Intellectual Property in Distribution Agreements

Published on 22 April 2022

The very nature of business owners drives them to constantly seek new markets to increase sales of their products. It is in this context that distribution agreements become particularly important and essential to trade, as they offer (with lower costs and risks) the chance to approach potential consumers who would be quite difficult to reach if not through a distributor.

However, this process of geographic expansion and internationalisation through distributors is not free of challenges.

As far as intellectual property is concerned, before starting to negotiate with a distributor, it is important to be cautious and duly register any corresponding trademarks. After all, the protection granted by a trademark is territorial; after contacting a potential distributor, it is not unusual for the legitimate owner of a trademark to find that the distributor-to-be has already gone ahead and registered the trademark in its own name in the new country or territory.

In addition to these kinds of pre-contractual issues with distributors, after a distribution agreement is signed, it is common for the legitimate trademark owner to witness the distributor selling the products in question outside the established market or geographical area. In other words, “parallel imports” or the “grey market” arise.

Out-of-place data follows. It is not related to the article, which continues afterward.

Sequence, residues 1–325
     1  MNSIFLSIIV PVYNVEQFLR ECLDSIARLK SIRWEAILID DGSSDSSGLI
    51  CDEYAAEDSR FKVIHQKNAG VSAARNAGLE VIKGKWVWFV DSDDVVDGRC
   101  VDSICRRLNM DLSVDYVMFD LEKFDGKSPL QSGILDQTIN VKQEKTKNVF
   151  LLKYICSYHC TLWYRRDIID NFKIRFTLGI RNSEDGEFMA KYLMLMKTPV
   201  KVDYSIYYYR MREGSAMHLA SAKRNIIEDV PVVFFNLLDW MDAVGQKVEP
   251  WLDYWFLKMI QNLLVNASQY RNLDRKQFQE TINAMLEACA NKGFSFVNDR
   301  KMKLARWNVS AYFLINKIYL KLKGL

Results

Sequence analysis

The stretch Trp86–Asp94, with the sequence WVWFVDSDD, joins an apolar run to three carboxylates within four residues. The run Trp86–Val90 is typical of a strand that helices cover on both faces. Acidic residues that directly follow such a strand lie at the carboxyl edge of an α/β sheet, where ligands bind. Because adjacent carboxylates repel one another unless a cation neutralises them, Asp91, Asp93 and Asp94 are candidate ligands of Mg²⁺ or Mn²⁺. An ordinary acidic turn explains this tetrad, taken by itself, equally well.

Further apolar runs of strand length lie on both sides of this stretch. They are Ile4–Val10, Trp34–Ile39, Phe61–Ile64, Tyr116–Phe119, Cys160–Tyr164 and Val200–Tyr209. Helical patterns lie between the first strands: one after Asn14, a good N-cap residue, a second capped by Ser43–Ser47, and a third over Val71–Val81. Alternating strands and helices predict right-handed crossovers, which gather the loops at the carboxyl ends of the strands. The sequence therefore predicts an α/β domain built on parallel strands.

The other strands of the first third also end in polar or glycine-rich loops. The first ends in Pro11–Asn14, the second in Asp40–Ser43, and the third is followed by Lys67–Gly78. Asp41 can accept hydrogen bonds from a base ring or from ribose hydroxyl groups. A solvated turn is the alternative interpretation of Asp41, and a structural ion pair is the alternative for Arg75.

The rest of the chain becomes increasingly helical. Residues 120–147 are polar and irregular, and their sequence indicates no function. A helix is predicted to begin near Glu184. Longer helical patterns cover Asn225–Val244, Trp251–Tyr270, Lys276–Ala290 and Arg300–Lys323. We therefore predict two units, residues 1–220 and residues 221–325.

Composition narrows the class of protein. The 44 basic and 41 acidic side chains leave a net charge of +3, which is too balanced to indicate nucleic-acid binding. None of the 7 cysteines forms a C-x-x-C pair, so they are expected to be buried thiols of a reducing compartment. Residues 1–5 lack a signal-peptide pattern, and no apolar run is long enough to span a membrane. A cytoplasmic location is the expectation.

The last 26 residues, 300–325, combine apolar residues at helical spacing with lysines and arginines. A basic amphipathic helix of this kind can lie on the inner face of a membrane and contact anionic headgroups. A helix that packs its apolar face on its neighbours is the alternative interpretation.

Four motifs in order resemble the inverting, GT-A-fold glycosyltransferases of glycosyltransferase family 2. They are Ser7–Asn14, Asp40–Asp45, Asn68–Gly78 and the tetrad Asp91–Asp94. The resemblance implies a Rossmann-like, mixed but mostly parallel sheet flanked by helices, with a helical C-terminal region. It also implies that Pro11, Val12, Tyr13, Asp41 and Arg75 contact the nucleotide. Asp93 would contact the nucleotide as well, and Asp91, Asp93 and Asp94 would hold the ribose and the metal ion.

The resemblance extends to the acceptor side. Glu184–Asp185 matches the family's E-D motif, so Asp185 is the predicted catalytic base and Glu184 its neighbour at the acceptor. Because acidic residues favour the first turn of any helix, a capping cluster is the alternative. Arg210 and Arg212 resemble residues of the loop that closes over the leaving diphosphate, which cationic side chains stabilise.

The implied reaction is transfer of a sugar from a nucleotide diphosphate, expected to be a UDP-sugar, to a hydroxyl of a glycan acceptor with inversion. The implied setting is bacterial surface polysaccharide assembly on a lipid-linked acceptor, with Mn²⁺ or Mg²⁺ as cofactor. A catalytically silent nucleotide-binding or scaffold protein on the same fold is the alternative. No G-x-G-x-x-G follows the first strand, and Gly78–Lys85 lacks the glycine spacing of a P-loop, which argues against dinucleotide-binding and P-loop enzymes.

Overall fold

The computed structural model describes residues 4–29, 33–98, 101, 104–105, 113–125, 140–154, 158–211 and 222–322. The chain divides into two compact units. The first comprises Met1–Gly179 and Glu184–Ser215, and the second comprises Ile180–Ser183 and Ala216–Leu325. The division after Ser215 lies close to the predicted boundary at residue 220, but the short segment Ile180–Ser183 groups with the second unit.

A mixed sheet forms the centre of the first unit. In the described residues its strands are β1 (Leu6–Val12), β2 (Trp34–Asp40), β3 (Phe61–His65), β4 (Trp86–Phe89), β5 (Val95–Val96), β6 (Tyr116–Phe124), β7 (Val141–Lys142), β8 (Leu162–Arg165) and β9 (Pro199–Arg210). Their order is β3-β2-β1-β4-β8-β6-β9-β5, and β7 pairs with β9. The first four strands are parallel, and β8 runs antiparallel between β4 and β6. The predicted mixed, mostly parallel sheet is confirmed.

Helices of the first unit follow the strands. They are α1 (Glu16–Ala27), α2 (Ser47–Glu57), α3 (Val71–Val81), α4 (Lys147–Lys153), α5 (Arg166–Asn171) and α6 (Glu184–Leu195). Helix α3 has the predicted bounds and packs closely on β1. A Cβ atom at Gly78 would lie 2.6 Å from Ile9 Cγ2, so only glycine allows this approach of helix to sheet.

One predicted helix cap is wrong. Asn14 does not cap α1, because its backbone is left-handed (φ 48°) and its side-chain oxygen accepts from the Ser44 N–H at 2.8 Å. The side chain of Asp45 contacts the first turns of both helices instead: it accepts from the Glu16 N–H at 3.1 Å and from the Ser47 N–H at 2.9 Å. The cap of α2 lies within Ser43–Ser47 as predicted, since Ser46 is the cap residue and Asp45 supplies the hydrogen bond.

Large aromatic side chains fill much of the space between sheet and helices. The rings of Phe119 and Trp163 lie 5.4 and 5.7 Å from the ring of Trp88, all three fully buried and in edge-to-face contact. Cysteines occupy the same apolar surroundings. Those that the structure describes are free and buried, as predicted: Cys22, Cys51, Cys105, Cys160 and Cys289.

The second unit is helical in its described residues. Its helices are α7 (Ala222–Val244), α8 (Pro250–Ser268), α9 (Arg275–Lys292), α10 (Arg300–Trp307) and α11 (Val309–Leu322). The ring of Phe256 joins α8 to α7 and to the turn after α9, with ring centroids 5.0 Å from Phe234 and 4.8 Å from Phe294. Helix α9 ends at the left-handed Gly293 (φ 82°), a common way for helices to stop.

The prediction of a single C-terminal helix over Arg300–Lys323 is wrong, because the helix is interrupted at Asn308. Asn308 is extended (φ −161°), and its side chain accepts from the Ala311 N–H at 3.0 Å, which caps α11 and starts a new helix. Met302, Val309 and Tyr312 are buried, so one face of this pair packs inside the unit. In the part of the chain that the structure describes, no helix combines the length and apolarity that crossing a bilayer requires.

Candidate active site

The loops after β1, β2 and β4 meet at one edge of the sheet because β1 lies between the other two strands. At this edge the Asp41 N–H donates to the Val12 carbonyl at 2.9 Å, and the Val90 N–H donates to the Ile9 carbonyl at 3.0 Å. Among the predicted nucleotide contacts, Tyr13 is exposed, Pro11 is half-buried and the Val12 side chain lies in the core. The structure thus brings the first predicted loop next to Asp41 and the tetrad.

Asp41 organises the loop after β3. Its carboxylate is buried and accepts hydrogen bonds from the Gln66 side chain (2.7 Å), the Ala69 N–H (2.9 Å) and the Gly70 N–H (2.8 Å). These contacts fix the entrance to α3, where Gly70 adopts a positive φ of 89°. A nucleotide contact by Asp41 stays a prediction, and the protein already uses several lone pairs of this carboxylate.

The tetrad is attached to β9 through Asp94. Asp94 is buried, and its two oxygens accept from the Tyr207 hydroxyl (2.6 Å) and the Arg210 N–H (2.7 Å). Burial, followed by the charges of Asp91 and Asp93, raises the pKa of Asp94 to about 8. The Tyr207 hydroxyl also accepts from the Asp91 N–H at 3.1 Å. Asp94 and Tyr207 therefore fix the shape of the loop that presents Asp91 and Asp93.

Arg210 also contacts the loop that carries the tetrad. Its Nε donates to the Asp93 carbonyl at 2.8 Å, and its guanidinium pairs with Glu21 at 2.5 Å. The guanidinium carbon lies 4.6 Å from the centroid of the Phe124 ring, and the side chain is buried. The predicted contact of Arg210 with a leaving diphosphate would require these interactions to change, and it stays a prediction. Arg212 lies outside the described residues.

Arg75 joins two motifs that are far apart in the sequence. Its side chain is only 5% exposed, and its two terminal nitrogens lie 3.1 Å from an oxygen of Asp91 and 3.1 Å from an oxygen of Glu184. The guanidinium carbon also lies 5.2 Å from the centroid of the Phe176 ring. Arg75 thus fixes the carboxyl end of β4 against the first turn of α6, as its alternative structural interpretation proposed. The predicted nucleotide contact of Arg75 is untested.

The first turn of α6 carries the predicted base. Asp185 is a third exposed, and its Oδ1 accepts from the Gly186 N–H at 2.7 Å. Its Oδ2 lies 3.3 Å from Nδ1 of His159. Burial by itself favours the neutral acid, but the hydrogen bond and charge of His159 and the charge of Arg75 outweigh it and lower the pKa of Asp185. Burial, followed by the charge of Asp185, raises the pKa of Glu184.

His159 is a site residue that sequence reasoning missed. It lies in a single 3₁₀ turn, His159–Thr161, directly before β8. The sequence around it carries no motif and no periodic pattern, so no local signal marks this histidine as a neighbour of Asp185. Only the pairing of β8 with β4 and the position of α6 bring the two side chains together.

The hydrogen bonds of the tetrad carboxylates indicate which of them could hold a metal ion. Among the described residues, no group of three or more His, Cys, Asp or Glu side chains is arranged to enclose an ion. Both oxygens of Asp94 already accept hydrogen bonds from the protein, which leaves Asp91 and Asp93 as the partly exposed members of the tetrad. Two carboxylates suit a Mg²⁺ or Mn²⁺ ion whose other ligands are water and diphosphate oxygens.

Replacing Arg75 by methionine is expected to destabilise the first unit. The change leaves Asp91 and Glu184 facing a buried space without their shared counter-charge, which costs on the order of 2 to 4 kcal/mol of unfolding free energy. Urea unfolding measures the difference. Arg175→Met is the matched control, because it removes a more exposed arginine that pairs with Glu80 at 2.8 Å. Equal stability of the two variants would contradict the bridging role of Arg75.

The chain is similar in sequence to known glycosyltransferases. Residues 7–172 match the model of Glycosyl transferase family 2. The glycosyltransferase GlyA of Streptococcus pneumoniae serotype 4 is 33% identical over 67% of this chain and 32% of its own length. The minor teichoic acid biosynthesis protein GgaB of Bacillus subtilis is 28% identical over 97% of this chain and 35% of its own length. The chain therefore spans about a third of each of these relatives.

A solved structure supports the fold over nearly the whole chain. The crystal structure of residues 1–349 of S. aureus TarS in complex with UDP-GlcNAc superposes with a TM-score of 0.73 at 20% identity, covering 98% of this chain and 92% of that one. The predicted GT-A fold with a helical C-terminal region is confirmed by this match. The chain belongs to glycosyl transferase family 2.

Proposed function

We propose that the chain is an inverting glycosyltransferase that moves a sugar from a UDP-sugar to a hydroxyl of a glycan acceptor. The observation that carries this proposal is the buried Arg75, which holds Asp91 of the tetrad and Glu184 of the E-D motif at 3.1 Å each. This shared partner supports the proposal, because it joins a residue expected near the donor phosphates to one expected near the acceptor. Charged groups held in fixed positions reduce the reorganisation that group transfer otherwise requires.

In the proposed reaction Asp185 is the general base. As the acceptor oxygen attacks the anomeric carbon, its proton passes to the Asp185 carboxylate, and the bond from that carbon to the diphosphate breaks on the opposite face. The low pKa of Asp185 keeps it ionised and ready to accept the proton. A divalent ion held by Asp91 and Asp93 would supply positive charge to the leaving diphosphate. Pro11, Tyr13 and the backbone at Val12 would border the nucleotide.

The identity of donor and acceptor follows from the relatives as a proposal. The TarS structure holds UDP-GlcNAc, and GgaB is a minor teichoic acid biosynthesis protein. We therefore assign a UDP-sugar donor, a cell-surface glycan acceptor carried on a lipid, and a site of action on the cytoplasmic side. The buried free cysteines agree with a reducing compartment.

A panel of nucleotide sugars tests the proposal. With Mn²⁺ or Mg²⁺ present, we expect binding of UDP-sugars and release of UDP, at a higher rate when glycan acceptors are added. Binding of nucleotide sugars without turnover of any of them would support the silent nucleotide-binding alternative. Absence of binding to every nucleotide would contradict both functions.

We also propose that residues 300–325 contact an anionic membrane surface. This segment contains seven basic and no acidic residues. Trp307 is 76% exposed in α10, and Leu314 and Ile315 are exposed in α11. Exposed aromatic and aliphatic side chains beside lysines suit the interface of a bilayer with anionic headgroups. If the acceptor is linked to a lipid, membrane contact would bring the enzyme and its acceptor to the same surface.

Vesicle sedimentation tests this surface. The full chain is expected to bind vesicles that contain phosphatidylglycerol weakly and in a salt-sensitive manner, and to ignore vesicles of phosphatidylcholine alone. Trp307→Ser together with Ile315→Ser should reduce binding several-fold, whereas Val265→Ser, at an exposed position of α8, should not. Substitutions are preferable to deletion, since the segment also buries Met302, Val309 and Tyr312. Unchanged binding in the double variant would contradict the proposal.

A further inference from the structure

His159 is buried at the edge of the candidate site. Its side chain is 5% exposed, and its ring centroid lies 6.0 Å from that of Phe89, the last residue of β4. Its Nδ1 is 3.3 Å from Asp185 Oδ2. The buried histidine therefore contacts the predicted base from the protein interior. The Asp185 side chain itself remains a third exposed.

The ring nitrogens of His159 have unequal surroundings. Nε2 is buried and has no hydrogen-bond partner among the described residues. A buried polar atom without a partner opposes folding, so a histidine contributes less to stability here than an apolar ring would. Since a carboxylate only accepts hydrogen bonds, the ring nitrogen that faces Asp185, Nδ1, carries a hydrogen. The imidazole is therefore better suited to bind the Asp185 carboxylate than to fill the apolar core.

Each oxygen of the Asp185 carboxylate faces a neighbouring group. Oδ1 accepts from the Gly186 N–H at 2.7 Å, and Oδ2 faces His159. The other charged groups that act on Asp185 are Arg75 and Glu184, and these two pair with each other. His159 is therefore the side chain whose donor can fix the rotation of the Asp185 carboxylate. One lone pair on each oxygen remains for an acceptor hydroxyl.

“Grey market” or “dark market” are terms that refer to the flow of goods through distribution channels other than those authorised by the manufacturer or producer. Unlike the “black market” (counterfeits), “grey” goods are not illegal, as they do not infringe the actual trademark.

Remarkably, these parallel imports may be considered as legal and legitimate under European Commission competition rules as well as under trademark law provided that they follow what is called the “exhaustion of trademark rights” regime (which has provisions and exceptions of its own).

This legal situation makes it vital that any contractual clause between manufacturer and distributor aimed at restricting parallel trade be drafted and designed with care, since, if not worded correctly, the clause could be considered contrary to competition rules and thus deemed null and void.

In conclusion, business expansion by means of distribution agreements requires solid registration protection against third parties as well as reliable and continuous legal advice from specialist lawyers. This will help to prevent unauthorised trademark registrations by potential distributors as well as the emergence of unauthorised, “grey market” sales.